Sunday, June 28, 2009

The sad song of Michael Jackson

This was supposed to be about the hype, the totally insane worship and overdone press coverage surrounding Michael Jackson’s death, about how an overrated artist is seen as a cult icon, virtually a god by millions of people. Yes, to see people cry on television is sickening. To know that the sales of his records are actually going through the roof again is to witness insanity incarnated. Yes, everything about the public interest once again rising to insane heights after his death makes one want to puke.

But what most of all is emerging in my thoughts is this:

During the years of Michael Jackson’s life we have witnessed yet another human being destroyed, ruined by modern society.

It started early, as the rumors go, and knowing everything we know today I do believe there is some truth to those rumors. The foundation of his destruction can be found in his childhood, but what completed it was the pedestal he was put on as an adult. This was a person that had everything, according to the measures of fame and fortune we use in today’s society, but like with so many others of the poor filthy rich we hear so much about through the glamour grape-wine his life didn’t measure up to the hype.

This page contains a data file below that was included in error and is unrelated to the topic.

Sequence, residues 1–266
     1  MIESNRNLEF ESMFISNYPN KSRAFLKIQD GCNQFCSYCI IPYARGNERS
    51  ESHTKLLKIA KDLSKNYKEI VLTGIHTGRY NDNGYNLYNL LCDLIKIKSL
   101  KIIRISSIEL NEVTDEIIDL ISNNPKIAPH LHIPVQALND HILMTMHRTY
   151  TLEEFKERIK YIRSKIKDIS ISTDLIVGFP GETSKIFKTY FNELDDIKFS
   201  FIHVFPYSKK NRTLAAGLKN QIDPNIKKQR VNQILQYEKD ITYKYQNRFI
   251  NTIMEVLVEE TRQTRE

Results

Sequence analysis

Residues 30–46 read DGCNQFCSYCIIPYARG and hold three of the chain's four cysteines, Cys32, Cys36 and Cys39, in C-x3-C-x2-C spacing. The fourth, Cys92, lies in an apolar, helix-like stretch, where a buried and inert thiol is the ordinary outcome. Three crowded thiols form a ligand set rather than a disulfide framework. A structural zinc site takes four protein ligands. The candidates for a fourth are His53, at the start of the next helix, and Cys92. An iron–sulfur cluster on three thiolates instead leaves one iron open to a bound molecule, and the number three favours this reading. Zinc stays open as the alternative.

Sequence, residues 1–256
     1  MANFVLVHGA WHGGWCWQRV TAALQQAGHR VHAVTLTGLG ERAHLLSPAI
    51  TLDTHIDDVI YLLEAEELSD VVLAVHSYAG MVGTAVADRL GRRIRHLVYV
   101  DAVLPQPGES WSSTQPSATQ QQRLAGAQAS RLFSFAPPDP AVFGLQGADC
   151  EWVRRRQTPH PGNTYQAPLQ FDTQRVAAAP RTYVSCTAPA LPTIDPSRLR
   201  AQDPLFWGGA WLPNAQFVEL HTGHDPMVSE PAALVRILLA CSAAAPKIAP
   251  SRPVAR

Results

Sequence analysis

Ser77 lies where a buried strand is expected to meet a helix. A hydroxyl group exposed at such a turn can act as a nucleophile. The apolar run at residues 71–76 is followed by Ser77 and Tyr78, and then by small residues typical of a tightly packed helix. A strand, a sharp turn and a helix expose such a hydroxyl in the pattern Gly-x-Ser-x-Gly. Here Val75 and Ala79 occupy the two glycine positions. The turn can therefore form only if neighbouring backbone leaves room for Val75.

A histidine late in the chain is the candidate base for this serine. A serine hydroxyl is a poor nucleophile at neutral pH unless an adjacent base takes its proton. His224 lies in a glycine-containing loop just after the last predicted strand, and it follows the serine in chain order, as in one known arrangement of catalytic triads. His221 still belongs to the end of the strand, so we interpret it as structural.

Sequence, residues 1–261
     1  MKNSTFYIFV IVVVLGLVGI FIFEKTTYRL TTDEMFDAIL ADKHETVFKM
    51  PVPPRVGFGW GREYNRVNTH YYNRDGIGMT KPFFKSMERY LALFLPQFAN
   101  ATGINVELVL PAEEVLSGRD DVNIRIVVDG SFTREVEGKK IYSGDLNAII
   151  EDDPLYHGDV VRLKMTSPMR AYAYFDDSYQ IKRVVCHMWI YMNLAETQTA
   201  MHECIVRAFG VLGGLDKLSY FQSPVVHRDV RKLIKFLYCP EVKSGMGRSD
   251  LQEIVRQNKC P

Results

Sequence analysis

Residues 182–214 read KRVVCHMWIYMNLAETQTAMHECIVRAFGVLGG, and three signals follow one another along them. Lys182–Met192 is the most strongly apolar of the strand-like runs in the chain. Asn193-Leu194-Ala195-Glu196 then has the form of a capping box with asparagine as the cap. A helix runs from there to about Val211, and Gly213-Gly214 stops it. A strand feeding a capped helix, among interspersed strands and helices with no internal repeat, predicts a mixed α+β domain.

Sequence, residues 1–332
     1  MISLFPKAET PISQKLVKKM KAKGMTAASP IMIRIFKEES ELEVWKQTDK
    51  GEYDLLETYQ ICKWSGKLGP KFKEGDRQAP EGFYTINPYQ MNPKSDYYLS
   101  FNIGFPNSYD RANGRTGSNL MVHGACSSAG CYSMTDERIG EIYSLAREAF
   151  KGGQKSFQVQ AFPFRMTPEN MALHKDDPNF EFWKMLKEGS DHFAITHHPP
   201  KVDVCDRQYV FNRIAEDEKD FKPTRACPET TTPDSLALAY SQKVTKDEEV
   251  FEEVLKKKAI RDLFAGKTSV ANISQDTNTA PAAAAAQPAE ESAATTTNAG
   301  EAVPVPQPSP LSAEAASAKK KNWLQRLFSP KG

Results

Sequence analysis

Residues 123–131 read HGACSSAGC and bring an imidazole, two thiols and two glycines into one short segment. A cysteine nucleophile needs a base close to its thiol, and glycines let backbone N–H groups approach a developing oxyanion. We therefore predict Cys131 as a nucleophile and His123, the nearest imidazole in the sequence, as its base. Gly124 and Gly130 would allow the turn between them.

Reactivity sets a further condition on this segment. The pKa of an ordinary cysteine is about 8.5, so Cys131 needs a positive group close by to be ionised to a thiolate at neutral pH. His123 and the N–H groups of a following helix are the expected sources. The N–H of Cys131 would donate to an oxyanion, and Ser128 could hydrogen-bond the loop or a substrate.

The story about Michael Jackson wasn’t really about a life, but about a very public, well-orchestrated suicide. One look at him after he began his insane, extensive plastic operations (I hesitate to call it surgery) should tell anyone that he didn’t really take very good care of himself. But he was also clearly pushed to the brink by a society where appearance means everything and keeping up appearances is more important than exposing the hypocrisy so prevalent today.

So, does Michael Jackson deserve our pity? I guess he does. I can’t help feeling sorry for him. Does he deserve our blind admiration or even appreciation? Definitely not. There is nothing about him worth admiring, nothing at all. The hysteria we see after his death is yet another sign of a sick, very sick society, and is an integrated part of what made his life the unbearable tragedy it was.

No comments: